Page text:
“It was the best of times; it was the worst of times.”
These are perhaps the most recognized opening lines in the history of English literature. It was certainly the most memorable line of any book I ever read during my time in school. I remember reading A Tale of Two Cities when I was a sophomore at North Penn High School just outside of Philadelphia, PA. It made such an impression that I often referred to the story as being my favorite, so you can imagine my delight when this book, that so struck me in school, was brought to the stage — and in a production that I would direct, no less. In the years that have followed, A Tale of Two Cities, the Musical by Jill Santoriello has continued to be the pinnacle of my directorial achievements and I look forward to a day soon when I may direct it once again.
“It was the age of wisdom; it was the age of foolishness.”
The opening passage of A Tale of Two Cities outlines a theme of duality for the entire book. To many, living in England in the late 1700’s, “it was the spring of hope.” To many, living in France during the French Revolution, “it was the winter of despair.” This message of duality at the beginning of the book is clear and indelible.
However, during my time at the helm of Hale Centre Theatre’s production of A Tale of Two Cities, I discovered the ultimate message of this show, even with its tragic end, a message of redemption, resurrection, and a second chance at life.
This message is the key to my love of this story and my love for Charles Dickens. You see, in addition to directing the musical, A Tale of Two Cities, I have also been telling another classic Charles Dickens story of redemption. I have been fortunate to be a part of Hale Centre Theatre’s production of A Christmas Carol as an actor and director for the last 18 consecutive years. The theme of redemption and a second chance at life has defined my own life as an actor, director, and a man.
In A Christmas Carol we experience the redemption and second chance at life for Ebenezer Scrooge. In A Tale of Two Cities, more than one character has an opportunity at a second chance in life; Dickens refers to it as being “recalled to life” during this story. Dr. Alexandre Manette is the first at the beginning of the story. After being unjustly imprisoned for 17 years, he is recalled to life for threatening to expose the crimes of corrupt aristocrats. He is ultimately found and saved through the love of his daughter, Lucie.
Charles Darnay, the husband of Lucie Manette, is twice recalled to life by Sydney Carton. The first time is less obvious as Sydney uses his wits as an attorney to set Charles free during his trial for treason in England, but the second time is much more purposeful, obvious and is tied directly to Sydney Carton’s own resurrection and redemption. As Charles Darnay waits in a cell to fall victim to “Madame Guillotine,” Sydney takes his place leveraging his wits against one of the many scoundrels he has associated himself with in his life. This time, his deception puts himself in harm’s way and delivers his own opportunity for redemption. He will die at the hands of Madame Guillotine and once again give Charles Darnay another chance at life with his wife and daughter, both of whom Sydney has grown to love. Sydney would make any sacrifice for these women’s happiness, even if it means an end to his own life. In this moment, he discovers his own spiritual awakening; in his death, he will find life once again.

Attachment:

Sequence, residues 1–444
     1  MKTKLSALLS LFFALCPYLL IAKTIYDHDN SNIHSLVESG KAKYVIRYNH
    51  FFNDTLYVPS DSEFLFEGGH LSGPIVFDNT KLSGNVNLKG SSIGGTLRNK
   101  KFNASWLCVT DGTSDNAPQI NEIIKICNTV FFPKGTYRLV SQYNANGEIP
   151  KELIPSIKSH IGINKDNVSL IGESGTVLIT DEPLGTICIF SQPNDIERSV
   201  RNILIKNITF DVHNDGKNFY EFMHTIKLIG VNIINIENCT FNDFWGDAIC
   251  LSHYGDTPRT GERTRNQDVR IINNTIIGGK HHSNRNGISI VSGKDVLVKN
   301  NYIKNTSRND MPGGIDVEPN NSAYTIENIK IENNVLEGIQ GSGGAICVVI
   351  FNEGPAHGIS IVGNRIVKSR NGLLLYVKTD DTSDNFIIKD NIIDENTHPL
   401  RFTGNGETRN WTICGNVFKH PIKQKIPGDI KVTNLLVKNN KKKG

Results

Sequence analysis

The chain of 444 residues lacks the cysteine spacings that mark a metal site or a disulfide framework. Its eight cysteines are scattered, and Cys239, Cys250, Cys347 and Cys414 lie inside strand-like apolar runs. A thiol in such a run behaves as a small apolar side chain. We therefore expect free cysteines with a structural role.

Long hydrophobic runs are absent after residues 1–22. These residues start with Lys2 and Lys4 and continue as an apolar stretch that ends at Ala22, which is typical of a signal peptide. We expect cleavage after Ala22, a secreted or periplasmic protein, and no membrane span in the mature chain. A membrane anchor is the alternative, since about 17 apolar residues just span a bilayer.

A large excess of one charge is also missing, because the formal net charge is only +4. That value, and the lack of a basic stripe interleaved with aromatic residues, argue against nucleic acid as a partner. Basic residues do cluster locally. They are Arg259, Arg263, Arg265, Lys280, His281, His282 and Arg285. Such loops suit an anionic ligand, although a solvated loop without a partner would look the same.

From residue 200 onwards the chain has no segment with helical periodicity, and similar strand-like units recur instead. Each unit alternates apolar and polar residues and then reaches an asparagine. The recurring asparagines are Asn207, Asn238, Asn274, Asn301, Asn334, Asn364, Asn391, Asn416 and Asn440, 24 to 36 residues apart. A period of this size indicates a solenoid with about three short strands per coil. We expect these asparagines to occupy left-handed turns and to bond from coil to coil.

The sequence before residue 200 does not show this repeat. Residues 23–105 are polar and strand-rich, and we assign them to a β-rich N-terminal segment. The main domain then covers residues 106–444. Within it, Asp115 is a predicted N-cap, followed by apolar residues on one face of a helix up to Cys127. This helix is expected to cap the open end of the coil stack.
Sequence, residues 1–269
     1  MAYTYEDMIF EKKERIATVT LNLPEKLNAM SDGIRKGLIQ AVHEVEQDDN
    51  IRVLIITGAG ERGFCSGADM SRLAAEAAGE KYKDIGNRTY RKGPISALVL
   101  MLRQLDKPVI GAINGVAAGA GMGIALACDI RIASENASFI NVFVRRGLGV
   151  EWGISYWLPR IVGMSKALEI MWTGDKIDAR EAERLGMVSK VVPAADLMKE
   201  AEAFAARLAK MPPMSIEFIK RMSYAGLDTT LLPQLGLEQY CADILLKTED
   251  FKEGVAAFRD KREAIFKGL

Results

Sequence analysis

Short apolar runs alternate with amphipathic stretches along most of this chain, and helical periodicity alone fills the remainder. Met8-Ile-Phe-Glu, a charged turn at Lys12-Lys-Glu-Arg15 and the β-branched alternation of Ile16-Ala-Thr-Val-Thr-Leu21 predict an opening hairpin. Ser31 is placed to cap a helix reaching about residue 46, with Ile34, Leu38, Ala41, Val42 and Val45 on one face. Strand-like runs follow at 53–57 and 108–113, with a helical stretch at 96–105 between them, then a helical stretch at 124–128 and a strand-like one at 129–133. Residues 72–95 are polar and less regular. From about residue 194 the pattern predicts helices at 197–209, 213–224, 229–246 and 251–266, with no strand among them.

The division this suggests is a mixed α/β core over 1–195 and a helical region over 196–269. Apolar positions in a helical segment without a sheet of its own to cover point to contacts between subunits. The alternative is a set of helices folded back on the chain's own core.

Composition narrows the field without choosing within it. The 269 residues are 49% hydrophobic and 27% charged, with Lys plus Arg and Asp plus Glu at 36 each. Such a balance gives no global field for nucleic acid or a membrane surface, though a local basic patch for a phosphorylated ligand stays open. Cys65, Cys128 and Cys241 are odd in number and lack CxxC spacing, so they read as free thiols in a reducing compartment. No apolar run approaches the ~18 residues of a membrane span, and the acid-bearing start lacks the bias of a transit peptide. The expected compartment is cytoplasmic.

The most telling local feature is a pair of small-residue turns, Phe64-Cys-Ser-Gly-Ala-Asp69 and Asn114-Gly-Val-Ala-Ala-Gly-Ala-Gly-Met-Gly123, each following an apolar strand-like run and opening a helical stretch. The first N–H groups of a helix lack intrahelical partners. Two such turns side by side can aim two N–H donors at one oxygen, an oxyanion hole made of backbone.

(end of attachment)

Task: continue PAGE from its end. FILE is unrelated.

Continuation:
I have been fortunate enough to be a part of more than 150 productions in my life, but I have never staged a song as beautiful and touching as “Let Her Be A Child.” Charles Darnay singing to the thought of never seeing his daughter again as he awaits his imminent death, while at the same time seeing Sydney Carton come to the decision that he will sacrifice his own life so that Charles, Lucie, and their daughter can be together. It is beautiful storytelling on the part of Jill Santoriello and I believe it is the absolute best male duet in all of musical theatre.
But the moment that I consider the most unforgettable in my directing career happens as Sydney Carton ascends the stairs to the last moment of his life. He reprises the song “I Can’t Recall,” and as he walks up the stairs to our catwalk with the light of God shining down on him from above, he turns and delivers what is perhaps the most recognized closing line of any novel in English literature:
“It is a far, far better thing that I do, than I have ever done; it is a far, far better rest that I go to than I have ever known.”
The cast that performed in our production of A Tale of Two Cities for Hale Centre Theatre was the absolute best of the best. Performers who typically played leading roles gladly played in the ensemble just to be a part of what they knew was going to be a special experience. To this day, cast members proclaim that A Tale of Two Cities, the Musical was the best show they have been a part of and audience members frequently request the show to be performed again.
The source material, the history, the music, the storytelling, the laughs, the tears, the message of redemption — these are all reasons A Tale of Two Cities should be considered a cornerstone of any theatrical season. It is also an excellent production to consider for schools because of its historical significance and roots in the literary canon.
A Tale of Two Cities is a far, far better show than I have ever had the privilege to direct.
(photo: Doug Carter)